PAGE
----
Names are given to different heavenly planes and different sorrowful planes in order to point out the different degrees of akusala vipāka and kusala vipāka. Deva, which means "radiant being," is a name given to those who are born in heavenly planes. In the Anuruddha Sutta (Middle Length Sayings III, No. 127) Anuruddha spoke about different degrees of skill in meditation which bring their results accordingly. A monk who was not advanced was reborn as a deva "with tarnished light." Those who were more advanced in meditation were reborn as devas with a greater radiance. There are different devas with different degrees of brightness.
A. I find it difficult to believe in devas and in different planes of existence.
B. You do not experience devas and different planes of existence right at this moment. But is it right to reject what you cannot experience yet? If one has right understanding of the cittas of the present moment one will be able to understand more about the past and about the future.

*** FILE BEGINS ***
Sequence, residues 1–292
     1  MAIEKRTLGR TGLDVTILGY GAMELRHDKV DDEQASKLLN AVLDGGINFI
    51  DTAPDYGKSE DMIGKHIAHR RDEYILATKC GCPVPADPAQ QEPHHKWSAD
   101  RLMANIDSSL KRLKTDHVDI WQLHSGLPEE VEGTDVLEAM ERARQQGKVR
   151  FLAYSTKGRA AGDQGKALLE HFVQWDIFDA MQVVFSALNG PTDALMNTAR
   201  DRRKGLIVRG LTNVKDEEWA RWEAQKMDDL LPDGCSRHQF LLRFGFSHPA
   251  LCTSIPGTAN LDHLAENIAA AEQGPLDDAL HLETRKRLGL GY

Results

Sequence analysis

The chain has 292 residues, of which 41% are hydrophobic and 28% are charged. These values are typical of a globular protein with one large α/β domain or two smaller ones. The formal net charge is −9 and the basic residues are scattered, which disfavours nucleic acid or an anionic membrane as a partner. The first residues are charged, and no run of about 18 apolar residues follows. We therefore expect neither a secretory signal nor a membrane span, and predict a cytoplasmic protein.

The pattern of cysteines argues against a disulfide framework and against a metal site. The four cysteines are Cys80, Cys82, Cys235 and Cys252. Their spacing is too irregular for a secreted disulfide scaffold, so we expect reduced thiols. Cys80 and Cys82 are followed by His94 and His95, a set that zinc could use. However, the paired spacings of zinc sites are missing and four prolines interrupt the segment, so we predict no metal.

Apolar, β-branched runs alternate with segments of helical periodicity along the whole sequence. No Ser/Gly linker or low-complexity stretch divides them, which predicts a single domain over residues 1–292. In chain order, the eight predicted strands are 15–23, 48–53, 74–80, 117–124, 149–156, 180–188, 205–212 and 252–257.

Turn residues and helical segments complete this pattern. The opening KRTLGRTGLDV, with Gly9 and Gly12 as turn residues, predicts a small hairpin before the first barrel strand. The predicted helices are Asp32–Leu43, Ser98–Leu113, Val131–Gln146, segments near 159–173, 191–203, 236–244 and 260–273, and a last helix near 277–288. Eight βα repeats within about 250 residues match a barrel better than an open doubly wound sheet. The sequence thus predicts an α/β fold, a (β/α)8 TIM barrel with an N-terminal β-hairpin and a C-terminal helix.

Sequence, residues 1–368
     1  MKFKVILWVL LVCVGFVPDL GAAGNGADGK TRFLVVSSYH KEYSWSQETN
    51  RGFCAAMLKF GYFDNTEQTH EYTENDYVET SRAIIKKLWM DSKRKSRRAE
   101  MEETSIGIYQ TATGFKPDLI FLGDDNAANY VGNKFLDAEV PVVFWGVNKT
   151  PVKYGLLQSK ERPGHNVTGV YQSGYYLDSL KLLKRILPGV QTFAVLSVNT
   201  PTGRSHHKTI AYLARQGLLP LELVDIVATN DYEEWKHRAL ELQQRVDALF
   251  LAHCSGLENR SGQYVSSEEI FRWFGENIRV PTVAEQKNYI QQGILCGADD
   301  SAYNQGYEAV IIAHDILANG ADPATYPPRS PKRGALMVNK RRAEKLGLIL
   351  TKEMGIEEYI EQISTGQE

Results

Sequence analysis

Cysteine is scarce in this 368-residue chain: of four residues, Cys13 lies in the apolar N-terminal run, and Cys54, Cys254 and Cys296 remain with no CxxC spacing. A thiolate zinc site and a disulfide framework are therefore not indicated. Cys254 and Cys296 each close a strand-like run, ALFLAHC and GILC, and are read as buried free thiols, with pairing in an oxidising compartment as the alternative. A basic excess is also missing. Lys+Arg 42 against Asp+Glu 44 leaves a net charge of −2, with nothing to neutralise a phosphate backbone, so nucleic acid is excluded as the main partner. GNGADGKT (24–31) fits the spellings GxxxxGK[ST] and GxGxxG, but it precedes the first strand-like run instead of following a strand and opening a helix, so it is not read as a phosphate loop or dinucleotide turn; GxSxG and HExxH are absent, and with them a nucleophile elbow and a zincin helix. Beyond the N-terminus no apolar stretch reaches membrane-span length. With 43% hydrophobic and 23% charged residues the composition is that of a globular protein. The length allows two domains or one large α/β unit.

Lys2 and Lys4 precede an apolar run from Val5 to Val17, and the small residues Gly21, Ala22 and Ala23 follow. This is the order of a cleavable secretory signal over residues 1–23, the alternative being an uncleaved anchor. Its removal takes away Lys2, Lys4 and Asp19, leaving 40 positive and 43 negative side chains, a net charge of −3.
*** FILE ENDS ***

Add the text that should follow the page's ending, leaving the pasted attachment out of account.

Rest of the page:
Rebirth-consciousness can arise in any plane of existence. When the right conditions are present a good or a bad deed which has been accumulated can produce a result, it can produce rebirth-consciousness in the appropriate plane.
A. What is the first vipāka in this life?
B. There has to be a citta at the very first moment of life. Without a citta we cannot have life. A dead body has no citta, it is not alive. What type of citta would be the first citta? Would it be an akusala citta or a kusala citta, thus a type of citta which could bring a result? Or would it be another type of citta, for example, a citta which is not a cause but a result, a vipākacitta?
A. I think it must be a vipākacitta. To be born is a result; nobody asks to be born. Why are people born with such different characters and in such different situations? Are the parents the only cause of birth and the only cause of the character of a child?
B. Parents are only one of the conditions for the body of a child, but they are not the only condition.
A. What about the character of a child? Are there not certain tendencies in a child’s character he inherits from his parents? Is this not proved by science?